The Puffin Foundation, Ltd. and Type Media Center are now accepting nominations for the 2021 Puffin Prize for Creative Citizenship, a $100,000 award given to an individual or organization that challenges the status quo through courageous, distinctive, and socially responsible work. Nominations are due by September 17, 2021.
**Submit Nominations here.**
The prize encourages recipients to continue their work, and last year’s winner, Desmond Meade, was honored for his commitment to voting rights and community organizing as president of the Florida Rights Restoration Coalition with a virtual event where he joined Emmy-award-winning musician John Legend for a conversation about the urgency of voting rights work. Watch the event here.
A Joint Project Between
2020 Desmond Meade — President of the Florida Rights Restoration Coalition, a grassroots, membership organization run by Returning Citizens (Formerly Convicted Persons) who are dedicated to ending the disenfranchisement and discrimination against people with convictions.
2019 Sunrise Movement — A youth-led political movement that advocates for political action against climate change through public spending that would create millions of new jobs. The organization has focused on building a consensus within the Democratic Party in support of the Green New Deal.
2018 Parkland Students — The Students, in partnership with young activists across the country, founded the March for Our Lives to end gun violence and challenge the complacency of lawmakers.
2017 Colin Kaepernick — During the previous year’s NFL pre-season, the then-San Francisco 49ers quarterback began refusing to stand for the playing of the national anthem in protest of racism and police violence.
2016 Bryan Stevenson — An acclaimed public interest lawyer who led the EJI to win major legal challenges to unfair sentencing, exonerate innocent death row prisoners, confront abuse of the incarcerated and the mentally ill, and aid children prosecuted as adults.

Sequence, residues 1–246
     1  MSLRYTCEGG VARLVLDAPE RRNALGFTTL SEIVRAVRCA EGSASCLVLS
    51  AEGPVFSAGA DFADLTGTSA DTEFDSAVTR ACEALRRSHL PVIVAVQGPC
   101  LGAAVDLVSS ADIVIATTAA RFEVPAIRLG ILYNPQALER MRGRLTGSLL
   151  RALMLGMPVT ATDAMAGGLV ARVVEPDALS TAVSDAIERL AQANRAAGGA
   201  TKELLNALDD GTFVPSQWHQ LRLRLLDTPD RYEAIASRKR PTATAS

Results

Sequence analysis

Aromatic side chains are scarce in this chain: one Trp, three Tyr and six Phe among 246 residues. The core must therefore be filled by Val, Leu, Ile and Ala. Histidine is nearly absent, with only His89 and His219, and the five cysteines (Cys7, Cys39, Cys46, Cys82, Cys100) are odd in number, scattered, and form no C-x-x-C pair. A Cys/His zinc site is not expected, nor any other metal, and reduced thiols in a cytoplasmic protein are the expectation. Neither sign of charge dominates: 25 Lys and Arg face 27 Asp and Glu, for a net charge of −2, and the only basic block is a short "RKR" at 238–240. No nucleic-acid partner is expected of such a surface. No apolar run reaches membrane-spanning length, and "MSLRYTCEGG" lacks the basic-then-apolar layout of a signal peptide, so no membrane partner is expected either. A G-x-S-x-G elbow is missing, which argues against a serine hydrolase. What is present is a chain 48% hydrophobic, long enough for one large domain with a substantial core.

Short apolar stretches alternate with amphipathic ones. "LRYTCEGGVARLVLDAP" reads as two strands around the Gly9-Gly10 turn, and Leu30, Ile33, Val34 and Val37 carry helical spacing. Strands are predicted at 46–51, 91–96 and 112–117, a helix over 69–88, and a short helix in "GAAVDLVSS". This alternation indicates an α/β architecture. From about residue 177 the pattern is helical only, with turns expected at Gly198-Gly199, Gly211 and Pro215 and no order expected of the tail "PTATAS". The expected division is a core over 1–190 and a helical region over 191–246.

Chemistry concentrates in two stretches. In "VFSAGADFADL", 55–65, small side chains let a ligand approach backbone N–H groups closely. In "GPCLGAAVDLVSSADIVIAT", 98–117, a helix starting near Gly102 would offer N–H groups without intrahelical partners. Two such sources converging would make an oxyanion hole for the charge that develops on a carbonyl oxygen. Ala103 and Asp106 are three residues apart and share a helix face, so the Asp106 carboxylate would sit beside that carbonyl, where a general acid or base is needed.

2015 William J. Barber II — A Protestant minister and NAACP board member, he was the architect of the Forward Together Moral Monday movement, an alliance of more than 200 progressive organizations in North Carolina.
2014 Frances Fox Piven — A renowned social scientist, scholar, and activist whose commitment to poor and working people has bridged academia and social activism.
2013 Barry W. Lynn — Under his leadership, Americans United engaged in court challenges and public education on issues ranging from reproductive rights to school vouchers and judicial nominations.
2012 Benjamin Todd Jealous — As the youngest person to lead the NAACP, he invigorated civil rights by building new alliances across progressive communities.
2011 Tony Kushner — A playwright and screenwriter, his activism and artistic work has given voice to the marginalized and explored the most challenging issues of the previous fifty years.
2010 Cecile Richards & Bill McKibben — This was the first year the prize was awarded to two winners. Richards is a leader in national progressive politics who served as president of the Planned Parenthood Federation of America from 2006 to 2018, and McKibben is an environmentalist and author who writes about global warming, alternative energy, and advocates for localized economies.
2009 Jim Hightower — Twice elected Texas agriculture commissioner, Hightower was praised for nurturing organic production, promoting alternative crops, regulating pesticides and monitoring groundwater.
2008 Van Jones — Founder and president of Green For All, a national advocacy organization committed to building an inclusive, green economy to lift millions of people out of poverty.
2007 Michael Ratner — A defenders of human rights and civil liberties, he repeatedly challenged the Bush administration on the constitutionality of indefinite detention and restrictions on domestic civil liberties.
2006 Amy Goodman — Host and executive producer of Democracy Now!, she was honored for her ground-breaking reporting and commitment to questioning those in power on behalf of those who rarely have a voice in the mainstream media.
2005 Jonathan Kozol — An educator and author, Kozol was recognized for exposing socioeconomic and racial inequities in the public education system.
2004 Barbara Ehrenreich — A political activist and prominent member of the Democratic Socialists of America, she is known for her work exposing the day-to-day indignities endured by the nation’s working poor.
2003 David Protess — The founding director of the Innocence Project, he was at the forefront of a nationwide movement to exonerate innocent death row prisoners.
2002 Dolores Huerta — A lifelong human rights activist and co-founder, along with César Chavez, of the United Farm Workers Union.
2001 Robert Parris Moses — A social activist, civil rights pioneer, and founder of the Algebra Project, a mathematics literacy effort aimed at helping low-income students and students of color.